England is Sick. That was Carlyle's starting point. So many factories and so many machines, but people were still starving and still unhappy. The book opens with what reads like genuine concern for the plight of the poor, and for the workers who were then agitating for voting rights and the like. But Carlyle makes it clear that THEY MUST NOT be given votes. Instead what they need is good leadership. The kind then in power was the "Idle Aristocracy", who he lampoons in the figure of Sir Jabesh Windbag, a member of parliament and thus a no-good talking machine, content to sit around and do nothing while the working-classes get more miserable and more rebellious. The merchant classes also suck: they're characterized by Bobus Higgins, a sausage manufacturer. These guys shouldn't be allowed to vote, either, because "What can the incorruptiblest Bobuses elect, if it be not some Bobissimus, should they find such?"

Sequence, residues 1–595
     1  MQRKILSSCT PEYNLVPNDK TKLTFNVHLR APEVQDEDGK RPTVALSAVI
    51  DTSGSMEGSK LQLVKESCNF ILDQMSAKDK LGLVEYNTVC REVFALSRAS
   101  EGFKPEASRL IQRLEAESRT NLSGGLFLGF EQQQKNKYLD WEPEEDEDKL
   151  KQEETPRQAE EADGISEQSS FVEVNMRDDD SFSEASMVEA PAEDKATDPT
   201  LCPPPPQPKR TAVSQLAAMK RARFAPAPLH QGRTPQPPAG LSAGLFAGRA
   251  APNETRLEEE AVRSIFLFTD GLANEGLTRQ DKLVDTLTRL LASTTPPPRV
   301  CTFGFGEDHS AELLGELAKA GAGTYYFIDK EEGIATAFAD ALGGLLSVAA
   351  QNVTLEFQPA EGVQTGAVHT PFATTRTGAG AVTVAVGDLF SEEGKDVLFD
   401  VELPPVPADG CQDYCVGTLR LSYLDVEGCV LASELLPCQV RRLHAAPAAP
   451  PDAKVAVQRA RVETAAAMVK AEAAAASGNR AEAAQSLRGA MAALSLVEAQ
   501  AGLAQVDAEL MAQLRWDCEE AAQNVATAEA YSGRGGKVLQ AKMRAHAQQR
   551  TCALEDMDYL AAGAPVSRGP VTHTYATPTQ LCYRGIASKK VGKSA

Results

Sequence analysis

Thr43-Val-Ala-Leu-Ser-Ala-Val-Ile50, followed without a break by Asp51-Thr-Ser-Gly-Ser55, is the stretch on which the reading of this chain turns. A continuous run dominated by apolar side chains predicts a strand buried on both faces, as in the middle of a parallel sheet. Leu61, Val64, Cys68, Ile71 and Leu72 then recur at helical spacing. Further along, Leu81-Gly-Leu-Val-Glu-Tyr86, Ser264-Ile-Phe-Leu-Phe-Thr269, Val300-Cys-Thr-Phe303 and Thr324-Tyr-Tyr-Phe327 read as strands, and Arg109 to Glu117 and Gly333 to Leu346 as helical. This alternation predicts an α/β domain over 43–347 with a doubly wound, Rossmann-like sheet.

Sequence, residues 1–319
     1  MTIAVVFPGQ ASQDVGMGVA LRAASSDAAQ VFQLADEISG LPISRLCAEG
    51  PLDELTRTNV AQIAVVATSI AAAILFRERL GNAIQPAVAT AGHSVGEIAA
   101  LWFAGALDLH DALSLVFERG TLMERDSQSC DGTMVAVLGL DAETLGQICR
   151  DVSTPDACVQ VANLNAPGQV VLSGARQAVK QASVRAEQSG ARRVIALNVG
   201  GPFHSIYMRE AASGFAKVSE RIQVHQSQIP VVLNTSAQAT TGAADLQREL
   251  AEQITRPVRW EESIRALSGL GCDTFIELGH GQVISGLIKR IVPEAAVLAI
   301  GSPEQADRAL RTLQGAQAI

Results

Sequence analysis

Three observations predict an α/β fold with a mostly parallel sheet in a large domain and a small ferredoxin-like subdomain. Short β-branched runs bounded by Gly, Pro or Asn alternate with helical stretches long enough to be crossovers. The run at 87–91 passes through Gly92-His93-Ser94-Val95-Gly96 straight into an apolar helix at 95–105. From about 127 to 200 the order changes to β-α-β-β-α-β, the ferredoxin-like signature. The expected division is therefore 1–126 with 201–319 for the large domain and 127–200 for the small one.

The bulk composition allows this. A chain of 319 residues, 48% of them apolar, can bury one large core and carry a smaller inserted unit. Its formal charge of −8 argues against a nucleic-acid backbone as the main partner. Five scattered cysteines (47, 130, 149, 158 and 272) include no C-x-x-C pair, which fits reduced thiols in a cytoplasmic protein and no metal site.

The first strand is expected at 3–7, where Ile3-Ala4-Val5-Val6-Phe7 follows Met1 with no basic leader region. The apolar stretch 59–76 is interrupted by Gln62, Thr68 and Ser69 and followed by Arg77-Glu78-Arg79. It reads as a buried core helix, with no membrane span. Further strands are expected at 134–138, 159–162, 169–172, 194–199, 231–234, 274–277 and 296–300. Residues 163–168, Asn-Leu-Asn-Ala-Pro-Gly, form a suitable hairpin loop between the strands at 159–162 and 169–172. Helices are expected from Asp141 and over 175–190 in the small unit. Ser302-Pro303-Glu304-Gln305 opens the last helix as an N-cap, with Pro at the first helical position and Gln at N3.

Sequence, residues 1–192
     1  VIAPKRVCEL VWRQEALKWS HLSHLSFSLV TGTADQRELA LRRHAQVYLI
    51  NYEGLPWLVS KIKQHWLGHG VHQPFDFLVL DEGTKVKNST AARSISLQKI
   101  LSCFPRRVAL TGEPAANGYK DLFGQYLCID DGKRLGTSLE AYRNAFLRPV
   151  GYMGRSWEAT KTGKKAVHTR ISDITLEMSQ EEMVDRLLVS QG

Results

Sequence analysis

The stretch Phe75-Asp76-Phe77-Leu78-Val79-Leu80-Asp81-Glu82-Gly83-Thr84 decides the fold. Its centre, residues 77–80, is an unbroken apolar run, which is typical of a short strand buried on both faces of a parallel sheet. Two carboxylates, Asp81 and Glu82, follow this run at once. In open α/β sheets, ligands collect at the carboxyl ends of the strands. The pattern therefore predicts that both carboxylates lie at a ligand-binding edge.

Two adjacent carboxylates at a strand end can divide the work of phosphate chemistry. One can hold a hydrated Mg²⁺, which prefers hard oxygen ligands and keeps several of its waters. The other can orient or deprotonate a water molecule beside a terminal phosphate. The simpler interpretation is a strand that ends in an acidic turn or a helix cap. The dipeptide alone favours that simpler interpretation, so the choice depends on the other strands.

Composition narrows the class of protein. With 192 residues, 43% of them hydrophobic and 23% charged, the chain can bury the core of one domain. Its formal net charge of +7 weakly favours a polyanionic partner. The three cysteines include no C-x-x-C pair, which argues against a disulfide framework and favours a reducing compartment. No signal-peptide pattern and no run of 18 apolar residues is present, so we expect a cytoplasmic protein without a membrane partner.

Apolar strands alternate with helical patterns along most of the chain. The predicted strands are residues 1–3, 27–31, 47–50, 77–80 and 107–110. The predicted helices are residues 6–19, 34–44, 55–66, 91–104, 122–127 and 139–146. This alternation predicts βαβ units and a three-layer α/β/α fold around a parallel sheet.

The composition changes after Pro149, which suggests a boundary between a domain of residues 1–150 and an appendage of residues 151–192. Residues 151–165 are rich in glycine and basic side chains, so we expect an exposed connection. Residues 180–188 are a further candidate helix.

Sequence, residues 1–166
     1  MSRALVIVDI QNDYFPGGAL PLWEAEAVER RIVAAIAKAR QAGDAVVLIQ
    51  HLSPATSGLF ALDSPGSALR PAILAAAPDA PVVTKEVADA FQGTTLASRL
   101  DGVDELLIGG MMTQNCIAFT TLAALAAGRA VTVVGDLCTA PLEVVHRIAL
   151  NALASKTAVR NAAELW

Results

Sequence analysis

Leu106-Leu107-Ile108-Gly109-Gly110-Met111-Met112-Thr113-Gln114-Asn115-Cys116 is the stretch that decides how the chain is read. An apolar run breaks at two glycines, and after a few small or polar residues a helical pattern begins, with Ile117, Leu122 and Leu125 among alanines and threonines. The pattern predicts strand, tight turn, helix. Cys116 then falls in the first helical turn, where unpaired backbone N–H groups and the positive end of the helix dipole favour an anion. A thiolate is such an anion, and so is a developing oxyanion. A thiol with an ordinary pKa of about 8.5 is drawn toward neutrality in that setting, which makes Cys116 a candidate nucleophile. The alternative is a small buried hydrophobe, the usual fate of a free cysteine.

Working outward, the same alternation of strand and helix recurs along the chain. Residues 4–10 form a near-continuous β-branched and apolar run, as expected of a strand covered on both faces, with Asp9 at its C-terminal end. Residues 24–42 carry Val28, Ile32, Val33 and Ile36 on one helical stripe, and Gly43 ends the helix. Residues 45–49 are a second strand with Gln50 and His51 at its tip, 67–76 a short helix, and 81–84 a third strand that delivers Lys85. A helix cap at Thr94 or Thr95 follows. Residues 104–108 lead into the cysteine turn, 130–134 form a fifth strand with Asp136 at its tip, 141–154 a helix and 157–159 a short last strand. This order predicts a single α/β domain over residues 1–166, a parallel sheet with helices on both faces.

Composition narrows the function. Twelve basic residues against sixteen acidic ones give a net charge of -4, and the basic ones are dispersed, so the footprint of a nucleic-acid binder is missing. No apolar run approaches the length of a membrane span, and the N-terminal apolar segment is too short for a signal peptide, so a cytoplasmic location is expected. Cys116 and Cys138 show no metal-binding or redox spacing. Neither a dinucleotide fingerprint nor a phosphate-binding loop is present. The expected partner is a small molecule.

Carlyle goes into raptures on strong leadership, someone like Oliver Cromwell. Some Hero who can keep everybody in line, who would be severe but just. "Despotism is essential in most enterprises", says Carlyle, but the point is to "make your despotism just". This involves "high honours for this man, gibbets for that". Carlyle's not that clear on how the Hero is to be found, just that if he isn't, apocalypse looms, chaos, anarchy. People need something to worship and bow down to. Otherwise, well...

The "Past" section deals with Carlyle's perfect society, based on some recently unearthed documents by a monk named Jocelin of Brakelond about life in the abbey under Abbot Samson, who is a strong but loving and god-fearing leader. God-fearing is good, because even though Carlyle doesn't seem to have any orthodox religious beliefs, he finds worship a very important part of life. The abbey sounds great and everything, but it's a good indication of how blindly impractical Carlyle was that he presents a model of society that doesn't include women.